Sister Hazel Blends 90s Jangle Rock with Introspective Country Twang at Music Box Supper Club

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click to enlarge Sister Hazel Blends 90s Jangle Rock with Introspective Country Twang at Music Box Supper Club
ERIC SANDY / SCENE

Bringing the sounds of 1997 and then some into Music Box Supper Club last night, Sister Hazel dazzled an attentive audience and touched on all corners of a deep catalog.

I'll admit: I didn't know much beyond Sister Hazel's wildly popular single "All For You," which I'd recently performed as part of a very classy duet at Tina's Nite Club. It's a great tune. I knew that the band was still touring and releasing records, and so I had to do some digging prior to last night's show.

What I found was confirmed onstage: These guys have kept a remarkably consistent career since the early 90s. Their later stuff is more tinged with country than the earlier jangle rock, and they're self-aware enough to know that pop music has moved on from their generation. They wear their Florida roots proudly and, as guitarist Andrew Copeland pointed out last night, they're John Mayer's mom's favorite band. They may be your mom's favorite band, too.

Two of the best acoustic moments came when guitarist Ryan Newell and bassist Jett Beres took lead vocals on their songs, "Thoroughbred Heart" and "Ten Candle Days," respectively. The former may have been the most tender and emotional part of the evening.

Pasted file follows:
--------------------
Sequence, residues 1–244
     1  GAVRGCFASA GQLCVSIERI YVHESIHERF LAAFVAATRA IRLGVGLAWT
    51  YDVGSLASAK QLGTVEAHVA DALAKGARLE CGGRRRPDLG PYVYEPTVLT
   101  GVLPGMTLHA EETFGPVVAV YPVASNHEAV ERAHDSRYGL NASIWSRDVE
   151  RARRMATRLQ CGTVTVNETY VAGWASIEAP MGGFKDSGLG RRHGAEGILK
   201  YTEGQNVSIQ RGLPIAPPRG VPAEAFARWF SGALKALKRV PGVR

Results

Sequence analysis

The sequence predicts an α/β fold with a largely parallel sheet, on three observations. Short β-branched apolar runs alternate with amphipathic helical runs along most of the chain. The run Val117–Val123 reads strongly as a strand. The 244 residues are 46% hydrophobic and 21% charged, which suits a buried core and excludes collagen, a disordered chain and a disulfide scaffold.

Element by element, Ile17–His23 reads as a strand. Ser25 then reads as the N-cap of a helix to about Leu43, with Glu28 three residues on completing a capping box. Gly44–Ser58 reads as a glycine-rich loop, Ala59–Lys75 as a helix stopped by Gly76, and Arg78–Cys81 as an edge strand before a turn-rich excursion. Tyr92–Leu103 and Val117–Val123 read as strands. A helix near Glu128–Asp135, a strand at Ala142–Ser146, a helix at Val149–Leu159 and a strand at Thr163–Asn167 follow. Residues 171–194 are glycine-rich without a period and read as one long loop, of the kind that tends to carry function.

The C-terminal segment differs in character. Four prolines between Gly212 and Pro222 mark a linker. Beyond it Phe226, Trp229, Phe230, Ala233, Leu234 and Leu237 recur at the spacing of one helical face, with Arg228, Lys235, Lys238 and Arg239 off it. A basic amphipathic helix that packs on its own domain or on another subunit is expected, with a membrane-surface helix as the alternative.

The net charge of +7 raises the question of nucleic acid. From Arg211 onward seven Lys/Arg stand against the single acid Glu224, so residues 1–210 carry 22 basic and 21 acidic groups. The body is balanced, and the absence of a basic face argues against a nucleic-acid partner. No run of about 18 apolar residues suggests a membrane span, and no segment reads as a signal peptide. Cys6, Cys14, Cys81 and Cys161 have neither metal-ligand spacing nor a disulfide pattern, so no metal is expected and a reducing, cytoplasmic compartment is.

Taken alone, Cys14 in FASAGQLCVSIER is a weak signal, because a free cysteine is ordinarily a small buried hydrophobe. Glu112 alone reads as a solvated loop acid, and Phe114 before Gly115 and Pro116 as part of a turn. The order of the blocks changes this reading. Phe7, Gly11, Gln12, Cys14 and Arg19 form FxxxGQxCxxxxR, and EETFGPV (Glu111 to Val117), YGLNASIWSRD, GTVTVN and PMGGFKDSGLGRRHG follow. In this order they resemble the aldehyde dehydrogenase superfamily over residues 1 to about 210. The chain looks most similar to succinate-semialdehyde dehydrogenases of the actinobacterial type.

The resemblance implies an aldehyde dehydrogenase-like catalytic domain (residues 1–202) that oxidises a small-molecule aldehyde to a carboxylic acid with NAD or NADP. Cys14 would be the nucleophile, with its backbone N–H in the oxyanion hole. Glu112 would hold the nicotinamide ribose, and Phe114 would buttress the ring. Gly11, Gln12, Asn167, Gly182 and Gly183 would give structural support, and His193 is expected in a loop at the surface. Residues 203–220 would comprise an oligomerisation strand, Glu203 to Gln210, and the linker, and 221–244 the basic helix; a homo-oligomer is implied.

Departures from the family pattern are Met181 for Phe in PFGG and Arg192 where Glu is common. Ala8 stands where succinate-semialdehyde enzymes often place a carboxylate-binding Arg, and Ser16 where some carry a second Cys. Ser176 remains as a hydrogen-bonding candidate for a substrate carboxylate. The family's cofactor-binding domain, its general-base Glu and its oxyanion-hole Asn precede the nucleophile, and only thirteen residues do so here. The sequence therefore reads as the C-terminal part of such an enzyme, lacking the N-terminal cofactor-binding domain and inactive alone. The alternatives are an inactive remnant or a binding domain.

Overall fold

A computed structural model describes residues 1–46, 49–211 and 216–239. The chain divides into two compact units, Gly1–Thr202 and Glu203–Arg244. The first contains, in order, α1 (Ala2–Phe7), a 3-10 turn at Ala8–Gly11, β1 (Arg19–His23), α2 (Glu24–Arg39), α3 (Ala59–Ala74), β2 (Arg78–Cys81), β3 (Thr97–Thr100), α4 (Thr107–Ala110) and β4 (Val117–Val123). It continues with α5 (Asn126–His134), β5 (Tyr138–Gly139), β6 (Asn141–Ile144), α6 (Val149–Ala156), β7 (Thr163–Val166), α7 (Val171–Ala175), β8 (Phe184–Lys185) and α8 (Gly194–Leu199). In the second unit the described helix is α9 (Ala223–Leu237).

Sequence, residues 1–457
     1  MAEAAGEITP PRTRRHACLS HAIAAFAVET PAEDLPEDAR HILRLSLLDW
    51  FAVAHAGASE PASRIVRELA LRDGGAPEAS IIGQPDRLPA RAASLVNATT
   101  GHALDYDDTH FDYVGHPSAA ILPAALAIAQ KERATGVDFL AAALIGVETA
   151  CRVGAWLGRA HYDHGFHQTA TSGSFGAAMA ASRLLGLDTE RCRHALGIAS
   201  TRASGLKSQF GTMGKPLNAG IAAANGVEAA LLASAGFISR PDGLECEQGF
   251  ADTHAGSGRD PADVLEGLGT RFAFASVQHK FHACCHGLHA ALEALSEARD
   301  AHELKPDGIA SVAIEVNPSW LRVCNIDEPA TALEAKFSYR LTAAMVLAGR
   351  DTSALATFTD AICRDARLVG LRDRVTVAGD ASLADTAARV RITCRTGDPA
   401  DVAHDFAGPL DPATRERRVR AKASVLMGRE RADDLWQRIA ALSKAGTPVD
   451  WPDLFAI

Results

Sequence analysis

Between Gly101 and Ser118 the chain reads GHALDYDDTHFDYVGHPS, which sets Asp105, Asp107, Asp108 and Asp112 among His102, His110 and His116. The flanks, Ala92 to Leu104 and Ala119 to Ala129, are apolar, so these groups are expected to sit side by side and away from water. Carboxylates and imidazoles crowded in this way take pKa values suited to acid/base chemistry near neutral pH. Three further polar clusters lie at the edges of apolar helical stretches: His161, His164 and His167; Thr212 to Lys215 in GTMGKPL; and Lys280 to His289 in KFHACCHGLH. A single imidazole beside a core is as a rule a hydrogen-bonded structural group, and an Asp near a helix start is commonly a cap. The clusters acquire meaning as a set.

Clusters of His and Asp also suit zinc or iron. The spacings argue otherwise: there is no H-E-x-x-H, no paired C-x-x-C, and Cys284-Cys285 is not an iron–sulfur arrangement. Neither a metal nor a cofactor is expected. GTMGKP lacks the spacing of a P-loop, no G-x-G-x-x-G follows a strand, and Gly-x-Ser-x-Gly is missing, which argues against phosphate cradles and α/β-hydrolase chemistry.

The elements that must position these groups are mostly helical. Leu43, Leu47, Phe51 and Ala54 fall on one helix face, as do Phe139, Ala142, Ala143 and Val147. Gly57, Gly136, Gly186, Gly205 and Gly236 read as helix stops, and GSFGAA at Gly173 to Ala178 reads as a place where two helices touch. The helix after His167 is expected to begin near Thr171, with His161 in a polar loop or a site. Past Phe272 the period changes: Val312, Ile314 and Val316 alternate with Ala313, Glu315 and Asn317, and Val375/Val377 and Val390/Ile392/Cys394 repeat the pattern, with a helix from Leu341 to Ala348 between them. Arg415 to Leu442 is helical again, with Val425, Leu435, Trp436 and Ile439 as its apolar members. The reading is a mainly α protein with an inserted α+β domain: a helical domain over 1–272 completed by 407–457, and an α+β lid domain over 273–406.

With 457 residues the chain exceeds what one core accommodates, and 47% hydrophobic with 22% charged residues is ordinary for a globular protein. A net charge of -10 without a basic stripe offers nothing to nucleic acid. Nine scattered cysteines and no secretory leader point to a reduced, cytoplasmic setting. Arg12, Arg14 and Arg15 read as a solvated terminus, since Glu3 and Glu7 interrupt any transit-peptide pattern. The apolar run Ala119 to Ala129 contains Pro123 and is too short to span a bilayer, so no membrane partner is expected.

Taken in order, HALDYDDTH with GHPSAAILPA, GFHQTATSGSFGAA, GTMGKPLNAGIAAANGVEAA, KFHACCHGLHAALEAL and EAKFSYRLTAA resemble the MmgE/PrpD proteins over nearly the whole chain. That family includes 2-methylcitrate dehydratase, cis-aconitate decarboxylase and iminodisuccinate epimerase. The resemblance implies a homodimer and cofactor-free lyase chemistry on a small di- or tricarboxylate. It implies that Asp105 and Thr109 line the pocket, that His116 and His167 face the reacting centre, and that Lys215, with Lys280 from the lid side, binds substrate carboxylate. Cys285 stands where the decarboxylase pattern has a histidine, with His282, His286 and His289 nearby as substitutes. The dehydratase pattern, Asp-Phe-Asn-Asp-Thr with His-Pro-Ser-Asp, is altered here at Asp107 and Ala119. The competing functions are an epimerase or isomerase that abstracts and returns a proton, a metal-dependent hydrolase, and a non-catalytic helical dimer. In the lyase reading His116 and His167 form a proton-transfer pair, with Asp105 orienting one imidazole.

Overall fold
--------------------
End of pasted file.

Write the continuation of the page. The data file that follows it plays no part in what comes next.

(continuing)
From there, guitarist Ken Block stood atop the stage on his own and played "Champagne High." This tune was used as a nice bridge from acoustic to electric, as each band member returned to the stage with another guitar in hand. They cranked the volume and lit into some older classics, like "Happy." Newell shredded like a madman.

At our table, we met some folks from Florida who knew the band personally. They extolled each guy's character and their longevity. And that much became clear as the band members shared stories from their time on the road, from their earlier years, from behind the scenes. Block, Copeland and Beres were super talkative and often very humorous. They took questions from the crowd (about their band name, which is based off beloved Florida missionary Sister Hazel Williams, and about their "go-to karaoke song," which is a reference to a song off their last album). Copeland mentioned that they'll be releasing a new record in February.

Then, of course, they laid down "All For You." The entire room rose to its feet and stomped in rhythm with the American classic.

"One more, Sister!" cried out a man in the back. "One more, Sister!"


About The Author

Eric Sandy

Eric Sandy is an award-winning Cleveland-based journalist. For a while, he was the managing editor of Scene. He now contributes jam band features every now and then.
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